The Late Bruce Phillips, O.C.
Honourable senators, this past Saturday, Bruce Phillips, one of Canada’s most respected journalists, passed away in British Columbia. It is my honour today to pay tribute to him. He was 84.
Bruce was a good friend, and for five years he was also my boss. Those were great days on the Hill — 1979 to 1984, those five years he was my boss. We had a lot of fun together. Your Honour, as you know, what happened in the Press Club stayed in the Press Club; what happened on the road stayed on the road; what happened at the annual Press Gallery dinner, well, sort of stayed at the dinner; what happened on Parliament Hill, well, that’s another story.
Bruce was a good man and I had so much respect for him. The experiences we shared together became memories that kept us close, and I’m grateful for this. The distance between us over the last several years, him on the West Coast in retirement and me here, never altered or eroded our friendship.
As a journalist, what drove Bruce was the very purpose of journalism — the public interest. That might seem like a vague concept, but it was clear for Bruce. Here on the Hill, and as a foreign correspondent, he didn’t just cover social and political events. He got to the crux of why they mattered and why people should know about them, their significance, the lessons they yielded and the threats they posed.
Politicians, both in the House of Commons and in the Senate, paid attention to his nightly CTV News opinion pieces. At the office we used to call him “the Bruce-grounder,” but the country and politicians did pay attention.
As a producer and host of CTV’s “Question Period” Bruce used his talents fully in discussions about issues. His style enabled audiences to feel as though they were participants in the process in the same room. For Bruce and his loyal viewers, that was important. That’s what public affairs coverage was.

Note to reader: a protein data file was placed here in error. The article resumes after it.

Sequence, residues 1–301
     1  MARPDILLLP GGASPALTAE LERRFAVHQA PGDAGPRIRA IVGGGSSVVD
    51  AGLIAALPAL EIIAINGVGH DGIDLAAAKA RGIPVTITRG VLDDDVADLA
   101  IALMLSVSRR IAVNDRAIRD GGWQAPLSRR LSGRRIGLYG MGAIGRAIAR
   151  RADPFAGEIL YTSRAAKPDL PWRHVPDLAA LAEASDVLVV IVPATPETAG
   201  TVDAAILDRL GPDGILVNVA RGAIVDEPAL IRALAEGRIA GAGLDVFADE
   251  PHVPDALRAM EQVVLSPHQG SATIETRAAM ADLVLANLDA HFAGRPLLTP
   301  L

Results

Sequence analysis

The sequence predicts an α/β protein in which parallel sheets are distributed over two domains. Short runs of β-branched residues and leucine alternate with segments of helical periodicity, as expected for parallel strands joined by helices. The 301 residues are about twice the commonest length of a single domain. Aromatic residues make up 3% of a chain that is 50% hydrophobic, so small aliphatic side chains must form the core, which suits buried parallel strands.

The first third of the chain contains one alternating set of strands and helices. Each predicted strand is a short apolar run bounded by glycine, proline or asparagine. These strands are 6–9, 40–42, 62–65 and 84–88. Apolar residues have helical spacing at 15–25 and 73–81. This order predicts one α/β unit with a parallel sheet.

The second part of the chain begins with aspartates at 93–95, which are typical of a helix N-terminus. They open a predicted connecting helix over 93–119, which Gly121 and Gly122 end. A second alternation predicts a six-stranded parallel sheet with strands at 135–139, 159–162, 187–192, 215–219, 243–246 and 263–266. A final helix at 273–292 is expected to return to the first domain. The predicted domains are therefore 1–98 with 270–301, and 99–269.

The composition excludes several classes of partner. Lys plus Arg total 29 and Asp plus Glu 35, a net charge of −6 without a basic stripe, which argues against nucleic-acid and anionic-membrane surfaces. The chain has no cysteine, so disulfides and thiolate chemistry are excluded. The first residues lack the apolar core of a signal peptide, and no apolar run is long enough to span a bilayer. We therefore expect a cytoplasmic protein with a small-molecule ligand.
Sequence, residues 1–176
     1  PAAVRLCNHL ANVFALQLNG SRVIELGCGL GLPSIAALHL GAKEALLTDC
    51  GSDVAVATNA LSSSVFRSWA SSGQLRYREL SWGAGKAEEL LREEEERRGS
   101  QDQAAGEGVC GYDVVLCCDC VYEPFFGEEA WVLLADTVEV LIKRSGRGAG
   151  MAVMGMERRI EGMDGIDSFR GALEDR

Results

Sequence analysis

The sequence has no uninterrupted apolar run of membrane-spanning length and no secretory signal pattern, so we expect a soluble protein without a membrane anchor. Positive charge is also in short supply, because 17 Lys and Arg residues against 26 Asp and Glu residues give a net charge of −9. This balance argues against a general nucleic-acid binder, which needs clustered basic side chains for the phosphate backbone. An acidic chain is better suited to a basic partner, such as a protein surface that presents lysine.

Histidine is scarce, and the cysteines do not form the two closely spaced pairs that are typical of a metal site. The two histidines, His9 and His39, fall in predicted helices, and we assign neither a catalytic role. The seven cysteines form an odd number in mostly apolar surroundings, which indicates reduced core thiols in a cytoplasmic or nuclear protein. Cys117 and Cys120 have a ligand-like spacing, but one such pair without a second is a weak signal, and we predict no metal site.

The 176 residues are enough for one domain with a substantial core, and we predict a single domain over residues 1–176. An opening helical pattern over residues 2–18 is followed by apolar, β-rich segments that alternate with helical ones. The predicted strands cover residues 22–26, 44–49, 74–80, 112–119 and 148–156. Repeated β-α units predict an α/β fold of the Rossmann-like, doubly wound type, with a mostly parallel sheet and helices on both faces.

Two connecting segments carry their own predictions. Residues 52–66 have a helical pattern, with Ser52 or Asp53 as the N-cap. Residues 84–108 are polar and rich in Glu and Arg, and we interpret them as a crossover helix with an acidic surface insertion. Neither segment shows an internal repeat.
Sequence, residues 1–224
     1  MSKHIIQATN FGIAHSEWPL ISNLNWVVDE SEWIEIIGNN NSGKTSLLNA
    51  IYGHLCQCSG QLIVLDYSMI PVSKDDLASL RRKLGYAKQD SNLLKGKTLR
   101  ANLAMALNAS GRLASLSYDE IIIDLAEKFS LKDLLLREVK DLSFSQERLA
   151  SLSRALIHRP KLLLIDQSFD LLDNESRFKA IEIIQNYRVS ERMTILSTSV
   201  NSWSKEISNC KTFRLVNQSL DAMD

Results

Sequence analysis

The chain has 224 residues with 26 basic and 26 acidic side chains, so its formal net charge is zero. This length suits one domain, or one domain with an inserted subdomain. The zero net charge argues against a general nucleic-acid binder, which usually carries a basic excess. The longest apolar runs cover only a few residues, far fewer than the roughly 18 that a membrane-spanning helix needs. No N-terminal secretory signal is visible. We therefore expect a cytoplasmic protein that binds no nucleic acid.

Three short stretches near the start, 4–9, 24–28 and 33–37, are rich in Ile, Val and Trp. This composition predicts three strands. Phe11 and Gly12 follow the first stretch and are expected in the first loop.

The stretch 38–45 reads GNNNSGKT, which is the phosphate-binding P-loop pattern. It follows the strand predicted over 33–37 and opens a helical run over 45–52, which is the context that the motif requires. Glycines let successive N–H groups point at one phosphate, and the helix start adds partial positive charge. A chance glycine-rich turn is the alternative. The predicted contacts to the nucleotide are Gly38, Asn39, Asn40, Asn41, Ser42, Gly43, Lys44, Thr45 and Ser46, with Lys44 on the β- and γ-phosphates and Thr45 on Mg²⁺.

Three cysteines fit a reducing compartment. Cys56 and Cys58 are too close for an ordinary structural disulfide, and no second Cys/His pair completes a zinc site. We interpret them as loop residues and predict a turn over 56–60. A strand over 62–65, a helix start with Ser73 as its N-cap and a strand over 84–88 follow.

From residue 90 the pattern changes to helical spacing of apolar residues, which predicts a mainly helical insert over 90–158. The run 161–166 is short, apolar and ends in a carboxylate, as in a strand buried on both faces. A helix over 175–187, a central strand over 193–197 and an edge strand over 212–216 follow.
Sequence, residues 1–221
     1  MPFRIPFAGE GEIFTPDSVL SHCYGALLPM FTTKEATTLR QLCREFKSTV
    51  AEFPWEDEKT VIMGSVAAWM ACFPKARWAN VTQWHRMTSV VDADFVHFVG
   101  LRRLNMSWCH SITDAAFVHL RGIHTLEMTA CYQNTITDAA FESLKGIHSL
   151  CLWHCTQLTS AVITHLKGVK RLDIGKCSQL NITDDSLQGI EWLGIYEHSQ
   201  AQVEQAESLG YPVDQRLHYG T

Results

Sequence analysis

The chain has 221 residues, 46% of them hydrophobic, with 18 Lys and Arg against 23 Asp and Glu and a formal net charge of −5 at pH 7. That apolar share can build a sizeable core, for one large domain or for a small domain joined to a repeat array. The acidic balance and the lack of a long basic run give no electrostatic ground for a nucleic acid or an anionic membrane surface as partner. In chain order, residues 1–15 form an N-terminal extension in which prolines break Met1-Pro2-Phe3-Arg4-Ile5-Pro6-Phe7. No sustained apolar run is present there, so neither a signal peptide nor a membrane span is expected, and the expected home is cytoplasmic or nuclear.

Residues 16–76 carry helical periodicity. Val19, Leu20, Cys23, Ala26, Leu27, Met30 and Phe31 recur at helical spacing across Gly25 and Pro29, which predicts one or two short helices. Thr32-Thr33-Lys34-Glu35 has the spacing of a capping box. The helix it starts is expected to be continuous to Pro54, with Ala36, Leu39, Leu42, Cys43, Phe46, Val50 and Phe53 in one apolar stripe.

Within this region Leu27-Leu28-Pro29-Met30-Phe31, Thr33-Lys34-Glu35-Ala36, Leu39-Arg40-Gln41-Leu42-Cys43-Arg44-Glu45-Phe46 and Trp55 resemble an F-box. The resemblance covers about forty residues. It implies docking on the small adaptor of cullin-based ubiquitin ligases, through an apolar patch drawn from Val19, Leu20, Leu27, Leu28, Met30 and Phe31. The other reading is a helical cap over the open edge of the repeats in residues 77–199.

Before becoming Canada’s Privacy Commissioner, he had a stint as a minister counsellor at the embassy in Washington. He served his country and his ambassador well. Bruce became Privacy Commissioner in 1991, a time when privacy concerns were not nearly as widely understood as they were when he left that office in 2000. That is no coincidence, of course. In this capacity Bruce was as determined, as grounded in his beliefs and as capable of advancing issues as he was as a journalist.
He enhanced the public conscience about an understanding of privacy and expanded social recognition of the duty to respect and protect it. His role in creating legislation and building public awareness prepared us well for the connected, intrusive world we live in today.
An advocate for the public interest and a formidable decision and change maker, Bruce was also wonderfully accessible. He had a great sense of humour, which he used to make me laugh, to bring me in and sometimes to make a point.
During those days when I reported to him, Your Honour and fellow senators, I felt his authority and respected it because he was a person of substance. He didn’t need to raise his voice or be severe.
In closing, in fact he was simply Bruce, and that was reason enough to listen to him and pay attention to the example he set. Like many people in Canada today, the memories I have of Bruce are associated with ideas and perspectives that I admire. I’m so fortunate to have known him and called him a friend.
Bruce loved his daughters deeply and I’m pleased he was able to enjoy living near them in British Columbia after retiring. My sympathies go to them both for the loss of their dad.